To see how knotty these cases can be, consider this recent one: An orthopedist in San Francisco was sued last year both for negligence and for discrimination under the ADA, because he declined to perform an operation on an HIV-positive patient. The surgeon denied that he'd discriminated against the patient. He said that the patient's depressed T-cell count unduly increased the risk of post-surgical infection, making him a poor candidate for the procedure (See, Was this sound medical judgmentor outright bias?, June 21, 1999).
But when another surgeon in Hawaii performed the operation and achieved good results, the patient sued the San Francisco doctor. It was one of the first "refusal to treat" lawsuits to come to trial since the US Supreme Court ruled that people with asymptomatic HIV are protected by the disability law, and that health care providers can't refuse to treat them without a bona fide medical reason. The Supreme Court held that fear of contagion isn't a legitimate reason for denying care.
The San Francisco physician's attorney argued that his client's decision was one of medical judgment rather than discrimination. The jury rendered a split verdict, finding the physician liable for negligence for refusing to operate. It awarded the patient $166,000. However, the jury rejected the discrimination charge.
The doctor's attorney worries that the case law is rapidly changing, and that doctors' responsibilities aren't clear. Other legal observers, including Gary Cloutier, the patient's attorney, predict that similar cases will arise. "If doctors refuse to treat someone with HIV, they'd better have a credible reason backed by scientific evidence," says Cloutier. "Otherwise, their decision may be construed as discrimination under the ADA."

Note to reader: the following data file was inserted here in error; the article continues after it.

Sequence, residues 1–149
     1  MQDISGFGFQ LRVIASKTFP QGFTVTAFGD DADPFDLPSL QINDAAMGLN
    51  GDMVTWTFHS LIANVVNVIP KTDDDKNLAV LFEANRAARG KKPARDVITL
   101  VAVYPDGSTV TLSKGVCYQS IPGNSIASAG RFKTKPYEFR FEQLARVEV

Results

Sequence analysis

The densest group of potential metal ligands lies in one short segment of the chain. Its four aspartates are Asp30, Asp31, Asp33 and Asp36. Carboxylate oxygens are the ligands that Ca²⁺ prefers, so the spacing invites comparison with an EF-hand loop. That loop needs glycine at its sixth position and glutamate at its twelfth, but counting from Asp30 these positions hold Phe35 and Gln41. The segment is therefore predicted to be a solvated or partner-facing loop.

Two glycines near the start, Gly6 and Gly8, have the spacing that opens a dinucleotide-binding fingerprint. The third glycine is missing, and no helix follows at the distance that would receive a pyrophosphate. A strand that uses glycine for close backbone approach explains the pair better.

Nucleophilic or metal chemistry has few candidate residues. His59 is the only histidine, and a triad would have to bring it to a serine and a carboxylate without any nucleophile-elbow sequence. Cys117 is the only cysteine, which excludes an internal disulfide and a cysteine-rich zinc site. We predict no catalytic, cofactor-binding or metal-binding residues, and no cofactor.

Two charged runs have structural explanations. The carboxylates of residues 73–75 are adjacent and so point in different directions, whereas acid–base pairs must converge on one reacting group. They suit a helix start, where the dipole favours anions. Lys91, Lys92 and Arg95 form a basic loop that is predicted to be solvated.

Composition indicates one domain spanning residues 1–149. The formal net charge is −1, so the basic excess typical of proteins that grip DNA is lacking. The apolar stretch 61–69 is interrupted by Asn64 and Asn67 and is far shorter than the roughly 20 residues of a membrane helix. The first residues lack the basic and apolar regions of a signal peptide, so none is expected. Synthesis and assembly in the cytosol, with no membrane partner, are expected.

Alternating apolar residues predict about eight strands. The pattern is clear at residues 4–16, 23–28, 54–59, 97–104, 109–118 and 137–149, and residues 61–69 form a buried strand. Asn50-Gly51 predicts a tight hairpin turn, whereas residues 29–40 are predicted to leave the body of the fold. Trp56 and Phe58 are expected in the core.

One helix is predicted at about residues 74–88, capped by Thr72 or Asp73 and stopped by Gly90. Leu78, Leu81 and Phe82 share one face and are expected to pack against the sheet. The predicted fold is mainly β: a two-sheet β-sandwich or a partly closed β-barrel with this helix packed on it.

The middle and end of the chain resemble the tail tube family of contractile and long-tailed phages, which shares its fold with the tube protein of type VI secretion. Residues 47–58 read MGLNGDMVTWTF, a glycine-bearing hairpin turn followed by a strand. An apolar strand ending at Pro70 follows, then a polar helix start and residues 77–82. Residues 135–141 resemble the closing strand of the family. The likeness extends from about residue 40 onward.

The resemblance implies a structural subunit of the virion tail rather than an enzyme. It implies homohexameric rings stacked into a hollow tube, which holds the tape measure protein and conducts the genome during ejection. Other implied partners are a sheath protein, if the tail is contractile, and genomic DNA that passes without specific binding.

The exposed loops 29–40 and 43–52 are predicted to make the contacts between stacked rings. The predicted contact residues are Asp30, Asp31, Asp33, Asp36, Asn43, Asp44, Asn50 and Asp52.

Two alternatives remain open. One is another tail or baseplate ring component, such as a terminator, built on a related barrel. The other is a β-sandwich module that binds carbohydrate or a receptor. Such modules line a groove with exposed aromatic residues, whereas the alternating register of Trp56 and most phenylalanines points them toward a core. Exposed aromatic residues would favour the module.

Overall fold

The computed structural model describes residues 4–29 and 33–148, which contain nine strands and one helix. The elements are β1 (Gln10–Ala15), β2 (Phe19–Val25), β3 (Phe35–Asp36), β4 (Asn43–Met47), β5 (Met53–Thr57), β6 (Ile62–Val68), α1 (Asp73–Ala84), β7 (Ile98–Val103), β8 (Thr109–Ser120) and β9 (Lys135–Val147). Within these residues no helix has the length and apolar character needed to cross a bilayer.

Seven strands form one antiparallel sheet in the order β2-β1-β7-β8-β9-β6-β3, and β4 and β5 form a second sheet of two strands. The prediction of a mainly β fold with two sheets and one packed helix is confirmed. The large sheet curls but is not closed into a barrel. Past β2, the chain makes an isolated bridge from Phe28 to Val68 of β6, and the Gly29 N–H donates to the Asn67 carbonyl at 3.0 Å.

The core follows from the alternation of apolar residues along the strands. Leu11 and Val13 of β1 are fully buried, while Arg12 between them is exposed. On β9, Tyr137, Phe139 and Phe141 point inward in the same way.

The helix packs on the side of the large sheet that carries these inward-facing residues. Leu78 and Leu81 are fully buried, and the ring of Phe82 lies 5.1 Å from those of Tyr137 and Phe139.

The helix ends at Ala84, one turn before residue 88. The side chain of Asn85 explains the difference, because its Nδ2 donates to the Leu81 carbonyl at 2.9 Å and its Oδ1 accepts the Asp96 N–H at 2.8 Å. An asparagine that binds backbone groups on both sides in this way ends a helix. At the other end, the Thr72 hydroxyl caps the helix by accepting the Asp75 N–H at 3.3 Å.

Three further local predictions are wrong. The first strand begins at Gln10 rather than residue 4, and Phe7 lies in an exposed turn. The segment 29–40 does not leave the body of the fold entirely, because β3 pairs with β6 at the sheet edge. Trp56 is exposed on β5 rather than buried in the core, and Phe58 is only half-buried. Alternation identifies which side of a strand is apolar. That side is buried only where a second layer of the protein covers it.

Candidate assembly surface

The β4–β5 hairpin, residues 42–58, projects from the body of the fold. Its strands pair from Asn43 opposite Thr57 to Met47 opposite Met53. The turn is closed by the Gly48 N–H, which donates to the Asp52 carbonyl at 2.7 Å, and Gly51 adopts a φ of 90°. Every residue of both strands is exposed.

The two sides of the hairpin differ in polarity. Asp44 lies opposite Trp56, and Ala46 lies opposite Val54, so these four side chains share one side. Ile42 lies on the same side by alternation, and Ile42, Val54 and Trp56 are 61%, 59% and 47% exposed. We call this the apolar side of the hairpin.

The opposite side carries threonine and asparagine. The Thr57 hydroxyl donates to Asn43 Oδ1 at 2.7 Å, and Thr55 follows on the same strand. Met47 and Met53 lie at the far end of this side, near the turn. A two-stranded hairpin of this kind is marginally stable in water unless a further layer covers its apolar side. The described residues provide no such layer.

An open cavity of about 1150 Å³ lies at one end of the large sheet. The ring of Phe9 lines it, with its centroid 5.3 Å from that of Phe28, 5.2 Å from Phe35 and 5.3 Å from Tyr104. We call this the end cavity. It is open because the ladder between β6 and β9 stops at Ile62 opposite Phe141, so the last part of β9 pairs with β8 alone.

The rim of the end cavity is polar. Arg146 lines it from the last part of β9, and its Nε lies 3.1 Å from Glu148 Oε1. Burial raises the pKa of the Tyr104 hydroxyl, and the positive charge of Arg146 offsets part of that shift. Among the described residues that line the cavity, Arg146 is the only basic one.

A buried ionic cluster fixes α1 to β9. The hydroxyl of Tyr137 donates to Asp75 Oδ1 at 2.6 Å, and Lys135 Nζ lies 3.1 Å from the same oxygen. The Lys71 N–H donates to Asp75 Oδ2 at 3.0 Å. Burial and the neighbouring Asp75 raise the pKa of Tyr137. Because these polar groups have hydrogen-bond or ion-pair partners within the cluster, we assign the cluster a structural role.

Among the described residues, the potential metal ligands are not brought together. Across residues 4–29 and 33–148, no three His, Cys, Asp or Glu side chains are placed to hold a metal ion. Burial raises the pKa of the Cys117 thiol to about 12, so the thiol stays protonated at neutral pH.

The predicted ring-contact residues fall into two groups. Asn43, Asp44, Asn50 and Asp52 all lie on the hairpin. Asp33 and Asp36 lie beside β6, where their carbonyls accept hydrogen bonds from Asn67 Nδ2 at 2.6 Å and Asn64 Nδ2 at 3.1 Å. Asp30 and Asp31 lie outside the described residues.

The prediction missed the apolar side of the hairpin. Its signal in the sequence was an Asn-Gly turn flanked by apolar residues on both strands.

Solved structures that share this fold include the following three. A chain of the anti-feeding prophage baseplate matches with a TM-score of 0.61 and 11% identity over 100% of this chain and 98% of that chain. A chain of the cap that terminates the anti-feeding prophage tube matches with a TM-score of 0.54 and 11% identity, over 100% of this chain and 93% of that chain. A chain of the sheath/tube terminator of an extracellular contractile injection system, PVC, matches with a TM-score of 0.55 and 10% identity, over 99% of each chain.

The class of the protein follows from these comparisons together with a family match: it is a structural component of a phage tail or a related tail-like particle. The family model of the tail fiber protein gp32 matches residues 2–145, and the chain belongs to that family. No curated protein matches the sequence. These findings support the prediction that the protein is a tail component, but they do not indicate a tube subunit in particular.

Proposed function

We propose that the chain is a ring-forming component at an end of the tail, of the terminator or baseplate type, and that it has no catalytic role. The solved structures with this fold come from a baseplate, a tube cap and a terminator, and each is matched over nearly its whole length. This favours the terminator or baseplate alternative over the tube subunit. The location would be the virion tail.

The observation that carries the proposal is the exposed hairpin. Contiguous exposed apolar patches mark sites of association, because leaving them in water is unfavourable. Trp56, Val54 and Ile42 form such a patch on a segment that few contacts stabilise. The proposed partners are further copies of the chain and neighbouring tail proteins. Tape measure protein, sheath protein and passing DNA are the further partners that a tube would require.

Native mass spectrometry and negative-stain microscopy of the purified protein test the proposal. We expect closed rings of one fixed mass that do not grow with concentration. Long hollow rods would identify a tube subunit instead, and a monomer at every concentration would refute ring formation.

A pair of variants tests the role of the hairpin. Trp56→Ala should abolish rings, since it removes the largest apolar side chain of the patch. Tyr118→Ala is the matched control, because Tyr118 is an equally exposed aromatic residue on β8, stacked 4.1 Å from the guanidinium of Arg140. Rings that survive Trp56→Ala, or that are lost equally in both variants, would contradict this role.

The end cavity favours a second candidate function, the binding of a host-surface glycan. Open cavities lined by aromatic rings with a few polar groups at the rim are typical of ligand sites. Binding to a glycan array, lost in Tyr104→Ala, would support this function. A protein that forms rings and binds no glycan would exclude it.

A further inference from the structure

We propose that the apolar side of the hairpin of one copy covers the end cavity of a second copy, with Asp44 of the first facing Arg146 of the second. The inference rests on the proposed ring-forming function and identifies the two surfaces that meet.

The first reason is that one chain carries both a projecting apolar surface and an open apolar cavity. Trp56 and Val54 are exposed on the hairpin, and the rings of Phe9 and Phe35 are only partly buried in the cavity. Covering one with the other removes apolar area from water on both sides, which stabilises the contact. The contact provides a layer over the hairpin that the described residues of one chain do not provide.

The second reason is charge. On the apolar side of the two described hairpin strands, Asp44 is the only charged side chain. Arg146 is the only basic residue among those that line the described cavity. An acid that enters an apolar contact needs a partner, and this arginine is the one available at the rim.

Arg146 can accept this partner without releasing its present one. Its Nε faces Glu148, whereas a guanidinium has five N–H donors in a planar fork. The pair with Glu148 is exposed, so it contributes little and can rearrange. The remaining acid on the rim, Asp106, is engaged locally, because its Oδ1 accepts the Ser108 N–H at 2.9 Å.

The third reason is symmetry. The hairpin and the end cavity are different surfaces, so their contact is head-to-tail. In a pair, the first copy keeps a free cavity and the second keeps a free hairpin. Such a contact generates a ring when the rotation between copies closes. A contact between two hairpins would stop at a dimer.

The AMA's position is that a physician may not decline to accept patients because of "sex, color, creed, race, religion, disability, ethnic origin, national origin, sexual orientation, age, or any other basis that would constitute invidious discrimination." The law in many states is similar.
But this guideline isn't absolute. For example, whether discrimination based on sexual orientation is legal can vary by locale within a state. "It's illegal in New York City, but not in New York state, nor in the majority of states," says Margaret Davino, general counsel at St. Vincent's Hospital in New York.
Can a physician refuse to treat a patient because he's opposed to the "gay lifestyle" (see below, "When a doctor is uncomfortable with homosexuality)? Not in jurisdictions where discrimination based on sexual orientation is illegal. Even where it's legal, if the patient is HIV-positive, the doctor runs the risk of a suit under the ADA.
Antidiscrimination laws do make some exceptions. For example, no physician is required to perform a procedure that conflicts with his religious beliefs. "As a Catholic hospital, we obviously don't perform abortions or tubal ligations, and we don't prescribe birth control pills," says Margaret Davino.
However, emergency room physicians have almost no discretion in turning away patients, because of federal anti-dumping regulations. "If the local chapter of the Ku Klux Klan came in decked in their sheets and hoods following a cross-burning, the ER doctors would still be required to evaluate and treat them," says Lee J. Johnson, a health care attorney in Mount Kisco, NY.